While our economy was contracting by 0.7 per cent, America’s was growing by 0.4 per cent, according to the first estimate just released by the US Bureau of Economic Analysis. But, as the graph below shows, those 2012 Q2 figures just represent a continuation of the divergent economic paths the two countries have been on since 2010. In America: steady if unspectacular growth. In the UK: stagnation followed by a second recession.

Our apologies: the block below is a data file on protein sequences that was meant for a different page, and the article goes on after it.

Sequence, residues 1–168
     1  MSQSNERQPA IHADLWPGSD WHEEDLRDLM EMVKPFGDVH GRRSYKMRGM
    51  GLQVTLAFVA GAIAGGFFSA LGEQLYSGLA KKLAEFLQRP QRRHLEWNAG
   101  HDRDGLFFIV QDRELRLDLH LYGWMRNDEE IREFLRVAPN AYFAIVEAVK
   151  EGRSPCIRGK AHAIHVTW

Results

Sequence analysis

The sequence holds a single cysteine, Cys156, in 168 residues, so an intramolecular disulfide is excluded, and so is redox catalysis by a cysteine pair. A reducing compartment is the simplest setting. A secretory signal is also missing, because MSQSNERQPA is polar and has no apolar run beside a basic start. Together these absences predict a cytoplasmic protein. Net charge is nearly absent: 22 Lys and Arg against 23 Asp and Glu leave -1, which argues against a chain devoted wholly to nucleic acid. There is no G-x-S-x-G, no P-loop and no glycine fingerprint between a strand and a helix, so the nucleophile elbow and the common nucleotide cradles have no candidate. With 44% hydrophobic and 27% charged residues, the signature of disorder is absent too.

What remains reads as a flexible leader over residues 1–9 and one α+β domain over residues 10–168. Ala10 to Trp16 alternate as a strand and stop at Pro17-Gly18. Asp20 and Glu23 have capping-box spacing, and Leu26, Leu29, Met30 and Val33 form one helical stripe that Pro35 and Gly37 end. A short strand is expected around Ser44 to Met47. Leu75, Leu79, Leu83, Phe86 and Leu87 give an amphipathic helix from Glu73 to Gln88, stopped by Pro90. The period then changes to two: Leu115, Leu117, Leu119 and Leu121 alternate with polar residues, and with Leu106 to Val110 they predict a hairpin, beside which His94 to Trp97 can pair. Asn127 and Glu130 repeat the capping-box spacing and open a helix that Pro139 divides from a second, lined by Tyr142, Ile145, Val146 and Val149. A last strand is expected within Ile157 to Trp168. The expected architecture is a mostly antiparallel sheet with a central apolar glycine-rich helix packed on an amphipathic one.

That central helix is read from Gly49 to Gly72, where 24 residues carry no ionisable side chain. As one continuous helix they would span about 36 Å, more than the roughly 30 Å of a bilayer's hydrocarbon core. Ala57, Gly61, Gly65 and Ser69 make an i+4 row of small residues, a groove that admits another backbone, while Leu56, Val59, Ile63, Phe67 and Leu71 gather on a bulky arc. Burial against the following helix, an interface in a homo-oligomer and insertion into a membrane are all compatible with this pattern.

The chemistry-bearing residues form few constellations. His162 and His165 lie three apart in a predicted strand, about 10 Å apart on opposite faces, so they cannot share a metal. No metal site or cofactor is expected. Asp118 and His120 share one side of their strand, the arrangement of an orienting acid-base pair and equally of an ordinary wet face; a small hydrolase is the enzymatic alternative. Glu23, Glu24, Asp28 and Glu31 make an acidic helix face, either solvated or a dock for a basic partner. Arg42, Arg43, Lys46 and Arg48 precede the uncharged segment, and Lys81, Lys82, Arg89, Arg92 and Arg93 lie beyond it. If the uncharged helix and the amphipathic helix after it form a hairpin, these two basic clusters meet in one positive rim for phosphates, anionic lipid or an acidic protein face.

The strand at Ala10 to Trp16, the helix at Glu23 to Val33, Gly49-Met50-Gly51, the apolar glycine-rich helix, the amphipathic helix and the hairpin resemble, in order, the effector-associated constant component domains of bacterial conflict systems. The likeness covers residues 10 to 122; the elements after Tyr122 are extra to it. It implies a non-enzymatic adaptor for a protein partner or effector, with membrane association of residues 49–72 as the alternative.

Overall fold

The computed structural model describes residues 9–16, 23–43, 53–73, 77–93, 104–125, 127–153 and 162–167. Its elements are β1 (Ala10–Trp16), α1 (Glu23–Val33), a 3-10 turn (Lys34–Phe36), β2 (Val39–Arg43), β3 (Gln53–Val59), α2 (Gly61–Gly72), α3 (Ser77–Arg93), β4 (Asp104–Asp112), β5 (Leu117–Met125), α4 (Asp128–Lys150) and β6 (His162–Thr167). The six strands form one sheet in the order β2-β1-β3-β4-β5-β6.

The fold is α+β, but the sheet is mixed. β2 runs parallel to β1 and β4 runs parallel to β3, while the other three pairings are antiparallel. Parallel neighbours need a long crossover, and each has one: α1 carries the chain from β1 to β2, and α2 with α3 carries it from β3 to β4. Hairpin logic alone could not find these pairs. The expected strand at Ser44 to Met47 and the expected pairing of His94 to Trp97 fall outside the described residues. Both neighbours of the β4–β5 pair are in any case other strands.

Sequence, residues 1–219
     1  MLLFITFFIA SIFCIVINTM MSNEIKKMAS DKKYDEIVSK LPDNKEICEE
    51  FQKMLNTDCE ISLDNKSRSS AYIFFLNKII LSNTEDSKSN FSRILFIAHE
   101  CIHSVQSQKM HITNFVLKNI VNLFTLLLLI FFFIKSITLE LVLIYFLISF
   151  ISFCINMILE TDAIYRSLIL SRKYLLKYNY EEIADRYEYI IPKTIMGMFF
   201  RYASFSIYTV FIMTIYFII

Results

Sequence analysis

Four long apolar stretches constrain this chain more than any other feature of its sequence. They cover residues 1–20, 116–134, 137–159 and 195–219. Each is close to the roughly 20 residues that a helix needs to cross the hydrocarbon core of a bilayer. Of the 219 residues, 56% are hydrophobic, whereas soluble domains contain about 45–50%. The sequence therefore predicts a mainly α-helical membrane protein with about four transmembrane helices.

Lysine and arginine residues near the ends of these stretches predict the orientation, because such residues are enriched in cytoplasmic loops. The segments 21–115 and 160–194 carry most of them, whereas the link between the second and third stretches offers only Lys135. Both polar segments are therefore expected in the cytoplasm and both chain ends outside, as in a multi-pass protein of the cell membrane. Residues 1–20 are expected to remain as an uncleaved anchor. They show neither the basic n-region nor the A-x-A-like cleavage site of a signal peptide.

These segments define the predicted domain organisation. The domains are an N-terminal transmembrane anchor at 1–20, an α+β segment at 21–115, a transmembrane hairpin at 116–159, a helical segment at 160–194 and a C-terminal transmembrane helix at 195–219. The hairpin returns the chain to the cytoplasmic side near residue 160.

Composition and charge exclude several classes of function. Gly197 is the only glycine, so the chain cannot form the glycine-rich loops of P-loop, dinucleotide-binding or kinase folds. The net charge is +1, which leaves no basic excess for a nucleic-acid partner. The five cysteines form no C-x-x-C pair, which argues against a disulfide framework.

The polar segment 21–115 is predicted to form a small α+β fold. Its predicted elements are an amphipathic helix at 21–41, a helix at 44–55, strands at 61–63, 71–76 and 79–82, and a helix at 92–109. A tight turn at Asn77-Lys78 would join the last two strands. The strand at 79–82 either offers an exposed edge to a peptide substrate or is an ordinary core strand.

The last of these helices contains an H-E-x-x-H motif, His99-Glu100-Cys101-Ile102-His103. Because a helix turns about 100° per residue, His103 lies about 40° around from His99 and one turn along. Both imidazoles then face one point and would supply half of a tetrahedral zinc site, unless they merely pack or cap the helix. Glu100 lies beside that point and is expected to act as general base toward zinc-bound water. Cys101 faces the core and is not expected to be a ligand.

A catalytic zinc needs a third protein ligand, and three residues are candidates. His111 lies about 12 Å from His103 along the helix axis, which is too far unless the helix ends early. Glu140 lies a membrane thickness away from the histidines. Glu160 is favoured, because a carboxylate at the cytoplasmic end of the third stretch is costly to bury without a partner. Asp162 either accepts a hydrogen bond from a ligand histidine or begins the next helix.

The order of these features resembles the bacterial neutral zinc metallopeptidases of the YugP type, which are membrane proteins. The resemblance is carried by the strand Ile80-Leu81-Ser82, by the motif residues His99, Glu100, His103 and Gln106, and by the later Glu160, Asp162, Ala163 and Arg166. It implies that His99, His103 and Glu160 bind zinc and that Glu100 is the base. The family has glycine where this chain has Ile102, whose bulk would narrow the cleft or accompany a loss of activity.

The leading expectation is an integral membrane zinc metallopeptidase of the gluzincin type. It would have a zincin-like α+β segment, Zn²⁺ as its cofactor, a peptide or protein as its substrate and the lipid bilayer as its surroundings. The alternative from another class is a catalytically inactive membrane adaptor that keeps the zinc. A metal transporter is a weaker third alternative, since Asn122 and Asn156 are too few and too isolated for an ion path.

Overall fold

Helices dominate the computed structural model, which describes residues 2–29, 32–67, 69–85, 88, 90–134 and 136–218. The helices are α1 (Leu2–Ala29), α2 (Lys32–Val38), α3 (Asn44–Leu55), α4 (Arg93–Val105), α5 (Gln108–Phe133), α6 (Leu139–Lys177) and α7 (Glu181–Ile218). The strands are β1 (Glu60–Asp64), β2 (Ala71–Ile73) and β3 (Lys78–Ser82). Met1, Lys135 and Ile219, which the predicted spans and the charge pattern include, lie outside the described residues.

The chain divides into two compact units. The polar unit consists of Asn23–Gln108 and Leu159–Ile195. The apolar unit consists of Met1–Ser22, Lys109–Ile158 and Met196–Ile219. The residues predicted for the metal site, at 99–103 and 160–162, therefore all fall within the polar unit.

P.S. The Americans report GDP figures as ‘annualised growth rates’ — that is, the percentage GDP would grow by if it grew for a whole year at the same rate as it did in the quarter — which is why you’ll see a figure of 1.5 per cent in US reports today. On that metric, the British economy contracted at an annualised rate of 2.8 per cent in Q2.Tags: Economics, GDP, US politics